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COVID-19 Update: Relaxed CDC Guidelines, Booster Benefits, Long COVID-19 Studies

CDC headquarters in Atlanta in April. The CDC review made some recommendations so such a failure doesn't happen again.
Tami Chappell
AFP via Getty Images
New CDC guidelines highlight symptoms, isolation and children.

West Virginia health experts say as the national number of COVID-19 cases drops, relaxed CDC guidelines still call for vigilance.

During Gov. Jim Justice’s Monday coronavirus briefing, West Virginia coronavirus czar Dr. Clay Marsh anticipated the state’s COVID-19 case numbers will follow a national trend and also soon decline.

“As we look at the Walgreens COVID positivity index, we find that their index from Walgreens stores around the country last week was 37 percent,” Marsh said. “West Virginia was still 42 percent, so we still are hanging up there. But we can anticipate over the next week, or a bit more, to see our numbers start to decline. That doesn't mean that it's still not important for people to protect themselves. “

Marsh said new CDC guidelines note that if a person has been exposed to somebody with COVID-19, and neither have any symptoms, the one exposed should wear a mask for 10 days - but doesn't have to isolate - even without up-to-date vaccinations.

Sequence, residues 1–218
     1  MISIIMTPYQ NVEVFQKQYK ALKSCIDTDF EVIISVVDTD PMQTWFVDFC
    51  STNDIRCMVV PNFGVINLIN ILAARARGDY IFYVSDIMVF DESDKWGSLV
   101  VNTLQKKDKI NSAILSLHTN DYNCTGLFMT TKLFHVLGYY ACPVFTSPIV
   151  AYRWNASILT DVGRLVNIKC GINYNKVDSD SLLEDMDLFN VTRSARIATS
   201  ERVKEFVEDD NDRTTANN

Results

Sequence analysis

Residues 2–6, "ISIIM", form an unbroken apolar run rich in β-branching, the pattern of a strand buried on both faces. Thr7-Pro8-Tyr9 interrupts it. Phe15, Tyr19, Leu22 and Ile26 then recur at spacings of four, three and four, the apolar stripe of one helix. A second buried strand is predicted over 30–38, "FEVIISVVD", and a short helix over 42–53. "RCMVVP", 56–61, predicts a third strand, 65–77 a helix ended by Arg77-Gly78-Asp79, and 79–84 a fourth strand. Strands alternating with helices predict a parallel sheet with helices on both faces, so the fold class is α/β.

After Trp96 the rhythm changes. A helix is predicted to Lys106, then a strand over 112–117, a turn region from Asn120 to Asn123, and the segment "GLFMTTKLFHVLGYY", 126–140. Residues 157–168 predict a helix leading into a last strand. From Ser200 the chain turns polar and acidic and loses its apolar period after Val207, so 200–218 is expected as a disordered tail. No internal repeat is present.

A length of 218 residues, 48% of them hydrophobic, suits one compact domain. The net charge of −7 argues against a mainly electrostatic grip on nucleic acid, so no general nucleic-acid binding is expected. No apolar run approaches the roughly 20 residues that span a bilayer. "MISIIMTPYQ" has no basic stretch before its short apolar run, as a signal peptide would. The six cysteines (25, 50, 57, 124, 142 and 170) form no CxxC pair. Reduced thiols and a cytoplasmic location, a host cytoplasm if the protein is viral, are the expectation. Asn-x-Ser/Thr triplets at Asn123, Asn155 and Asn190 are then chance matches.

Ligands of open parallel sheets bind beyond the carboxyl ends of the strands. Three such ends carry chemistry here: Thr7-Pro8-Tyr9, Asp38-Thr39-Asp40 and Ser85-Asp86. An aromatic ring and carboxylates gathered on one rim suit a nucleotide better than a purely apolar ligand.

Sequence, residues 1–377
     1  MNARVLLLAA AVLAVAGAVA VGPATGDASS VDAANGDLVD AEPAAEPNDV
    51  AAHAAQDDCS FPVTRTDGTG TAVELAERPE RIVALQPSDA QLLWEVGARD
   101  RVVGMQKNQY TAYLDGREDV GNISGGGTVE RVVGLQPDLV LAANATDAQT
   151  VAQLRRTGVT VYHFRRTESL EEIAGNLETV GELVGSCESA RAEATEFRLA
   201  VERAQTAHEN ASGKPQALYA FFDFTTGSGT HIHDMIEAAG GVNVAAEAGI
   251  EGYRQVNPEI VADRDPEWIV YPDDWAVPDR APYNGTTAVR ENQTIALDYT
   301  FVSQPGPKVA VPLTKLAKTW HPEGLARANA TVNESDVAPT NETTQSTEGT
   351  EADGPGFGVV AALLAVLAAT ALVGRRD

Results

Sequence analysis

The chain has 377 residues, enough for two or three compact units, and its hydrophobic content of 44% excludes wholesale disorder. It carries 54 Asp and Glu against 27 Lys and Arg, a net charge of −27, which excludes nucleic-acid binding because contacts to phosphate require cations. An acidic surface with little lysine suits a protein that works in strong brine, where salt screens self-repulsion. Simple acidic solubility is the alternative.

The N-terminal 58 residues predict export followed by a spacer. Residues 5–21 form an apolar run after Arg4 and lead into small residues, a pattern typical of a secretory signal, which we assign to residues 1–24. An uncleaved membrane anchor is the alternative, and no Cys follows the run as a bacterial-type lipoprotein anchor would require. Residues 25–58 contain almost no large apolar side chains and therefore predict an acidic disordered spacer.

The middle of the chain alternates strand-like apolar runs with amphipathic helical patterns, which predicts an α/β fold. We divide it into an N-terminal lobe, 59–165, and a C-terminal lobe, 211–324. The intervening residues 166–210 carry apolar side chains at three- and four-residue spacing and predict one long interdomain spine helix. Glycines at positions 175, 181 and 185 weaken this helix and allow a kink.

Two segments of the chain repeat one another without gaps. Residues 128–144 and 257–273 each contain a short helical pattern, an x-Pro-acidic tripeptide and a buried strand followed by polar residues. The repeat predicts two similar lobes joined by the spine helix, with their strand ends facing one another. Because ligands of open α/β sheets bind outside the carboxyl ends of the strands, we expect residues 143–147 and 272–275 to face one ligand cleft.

He also mentioned a new CDC guideline for children.

“The CDC also suggests that in schools, children who may be exposed to somebody who has COVID-19 but do not have symptoms, do not have to test to stay in school,” Marsh said.

Marsh said he’s now seen five separate studies indicating that for West Virginia’s over 50 years old, getting a second booster greatly reduces the chance of hospitalization and death.

He indicated that a new study from the Netherlands came out and suggested that one in eight people who have had COVID-19, even mild COVID-19, reported symptoms of long COVID.

“They found that the most common symptoms in those people were chest pain, shortness of breath, and fatigue,” Marsh said. “In this study they also felt that long COVID was less common in children than in adults.”

Government Reporter, ryohe@wvpublic.org, 304-634-8123

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